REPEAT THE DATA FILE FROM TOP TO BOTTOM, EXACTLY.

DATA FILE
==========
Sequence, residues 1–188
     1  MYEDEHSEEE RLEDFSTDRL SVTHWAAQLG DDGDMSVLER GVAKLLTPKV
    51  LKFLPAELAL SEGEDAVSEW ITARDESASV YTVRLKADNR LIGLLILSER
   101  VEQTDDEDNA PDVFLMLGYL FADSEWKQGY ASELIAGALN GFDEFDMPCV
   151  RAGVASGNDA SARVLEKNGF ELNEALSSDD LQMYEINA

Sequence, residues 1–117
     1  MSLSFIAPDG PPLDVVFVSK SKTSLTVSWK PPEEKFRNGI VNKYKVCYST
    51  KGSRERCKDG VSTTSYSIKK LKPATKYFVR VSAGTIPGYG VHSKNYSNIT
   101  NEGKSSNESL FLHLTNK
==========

Sequence, residues 1–188
     1  MYEDEHSEEE RLEDFSTDRL SVTHWAAQLG DDGDMSVLER GVAKLLTPKV
    51  LKFLPAELAL SEGEDAVSEW ITARDESASV YTVRLKADNR LIGLLILSER
   101  VEQTDDEDNA PDVFLMLGYL FADSEWKQGY ASELIAGALN GFDEFDMPCV
   151  RAGVASGNDA SARVLEKNGF ELNEALSSDD LQMYEINA

Sequence, residues 1–117
     1  MSLSFIAPDG PPLDVVFVSK SKTSLTVSWK PPEEKFRNGI VNKYKVCYST
    51  KGSRERCKDG VSTTSYSIKK LKPATKYFVR VSAGTIPGYG VHSKNYSNIT
   101  NEGKSSNESL FLHLTNK